10 Oct 2012
Historical distribution, contemporary status and cooperative breeding in the Madagascar Fish Eagle: implications for conservation

BRANTA — Ruth E. Tingay

Historical distribution, contemporary status and cooperative breeding in the Madagascar Fish Eagle: implications for conservation

Institution: University of Nottingham, UK
Details: PhD 2005 (Completed)

Current Address: Natural Research Ltd, Burn O'Bennie Road, Banchory, Kincardineshire, Scotland AB31 5ZU, UK (Jul 2007) Email

Subject Keywords: Conservation status, co-operative breeding, polyandry, historical distribution
Species Keywords: Madagascar fish eagle Haliaeetus vociferoides



The island endemic Madagascar Fish Eagle Haliaeetus vociferoides is considered critically endangered, based on a perceived notion of a historical and continuing population decline during the last fifty years. This thesis critically evaluates the hypothesis of population decline by utilising historical and contemporary documents and museum specimens. The results suggest that the population has not suffered a recent decline but rather the population is naturally small. This thesis also investigates the types and distribution of cooperative breeding strategies and assesses their role in the species' population structure and dynamics. The unusually high diversity of reproductive strategies includes cooperative polyandry and potentially polygyny, polygynandry and homosexuality, which are restricted to within one area of releatively high population density in western madagascar. The evolution of cooperative breeding in this species remains undetermined as these results challenge the traditional hypotheses used to explain cooperative breeding in other avian species. The social organisation of cooperative groups is examined and results suggest that, unusually, the role of dominance in the male social hierarchy is not associated with paternity assurance or limited ecological resources, but rather with social prestige. Finally, the species' iucn conservation status is re-assessed and it is proposed that the madagascar fish eagle should now be downlisted from critically endangered to endangered.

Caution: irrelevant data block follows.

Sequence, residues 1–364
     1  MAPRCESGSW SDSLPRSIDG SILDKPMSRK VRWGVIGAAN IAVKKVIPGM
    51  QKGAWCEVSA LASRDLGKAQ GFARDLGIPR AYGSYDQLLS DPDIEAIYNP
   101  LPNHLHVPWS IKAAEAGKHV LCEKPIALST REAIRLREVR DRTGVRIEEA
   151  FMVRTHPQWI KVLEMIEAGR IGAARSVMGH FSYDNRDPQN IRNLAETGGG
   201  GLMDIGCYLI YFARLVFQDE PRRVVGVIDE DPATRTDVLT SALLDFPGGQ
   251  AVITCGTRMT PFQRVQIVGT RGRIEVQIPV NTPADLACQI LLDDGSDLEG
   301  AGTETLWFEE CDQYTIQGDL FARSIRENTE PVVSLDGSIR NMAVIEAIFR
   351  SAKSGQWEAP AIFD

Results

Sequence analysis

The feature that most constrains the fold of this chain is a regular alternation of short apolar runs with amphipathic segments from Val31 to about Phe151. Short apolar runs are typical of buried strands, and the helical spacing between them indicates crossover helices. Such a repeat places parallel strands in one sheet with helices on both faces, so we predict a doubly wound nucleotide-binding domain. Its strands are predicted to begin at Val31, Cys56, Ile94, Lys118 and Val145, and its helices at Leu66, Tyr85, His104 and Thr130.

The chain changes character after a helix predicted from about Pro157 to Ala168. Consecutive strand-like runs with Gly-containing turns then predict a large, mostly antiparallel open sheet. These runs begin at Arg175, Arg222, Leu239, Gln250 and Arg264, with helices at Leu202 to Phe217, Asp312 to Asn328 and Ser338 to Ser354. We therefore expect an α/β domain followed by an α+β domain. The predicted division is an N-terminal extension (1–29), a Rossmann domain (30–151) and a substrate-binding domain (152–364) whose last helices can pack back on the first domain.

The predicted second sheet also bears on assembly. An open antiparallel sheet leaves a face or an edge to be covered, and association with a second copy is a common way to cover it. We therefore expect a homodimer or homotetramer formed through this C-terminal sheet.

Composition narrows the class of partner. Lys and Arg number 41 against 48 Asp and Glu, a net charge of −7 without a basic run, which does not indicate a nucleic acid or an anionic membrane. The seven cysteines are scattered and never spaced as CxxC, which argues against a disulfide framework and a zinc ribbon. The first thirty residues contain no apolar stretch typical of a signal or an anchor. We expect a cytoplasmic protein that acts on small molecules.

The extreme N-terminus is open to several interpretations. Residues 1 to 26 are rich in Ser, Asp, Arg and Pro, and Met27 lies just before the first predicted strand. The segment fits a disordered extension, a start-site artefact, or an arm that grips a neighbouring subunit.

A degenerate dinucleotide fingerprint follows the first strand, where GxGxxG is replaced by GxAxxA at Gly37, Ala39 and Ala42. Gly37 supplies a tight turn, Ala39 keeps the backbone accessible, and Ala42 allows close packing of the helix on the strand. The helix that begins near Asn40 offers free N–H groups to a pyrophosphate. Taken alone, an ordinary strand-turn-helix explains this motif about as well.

Published Papers

Tingay, R.E., Culver, M. & Watson, R.T. (2007). Using molecular sexing to assess field-based sexing techniques in the Madagascar fish eagle. Journal of Raptor Research 41: 45-49.
Tingay, R.E., Dawson, D.A., Pandhal, J., Clarke, M.L., David, V.A., Hailer, F. & Culver, M. (2007). Isolation of 22 new Haliaeetus microsatellite loci and their characterisation in the critically endangered Madagascar fish eagle (Haliaeetus vociferoides) and three other Haliaeetus species. Molecular Ecology Notes 7: 711-715.
Tingay, R.E., Clarke, M.L., Watson, R.T., Thorstrom, R. & Kalavah, L. (2004). Survival and behaviour of a one-footed Madagascar Fish Eagle in the wild. Journal of Raptor Research 38: 85-88.
Tingay, R.E., Culver, M., Hallerman, E.M., Fraser, J.D. & Watson, R.T. (2002). Subordinate males sire offspring in Madagascar fish eagle polyandrous breeding groups. Journal of Raptor Research 36: 280-286.

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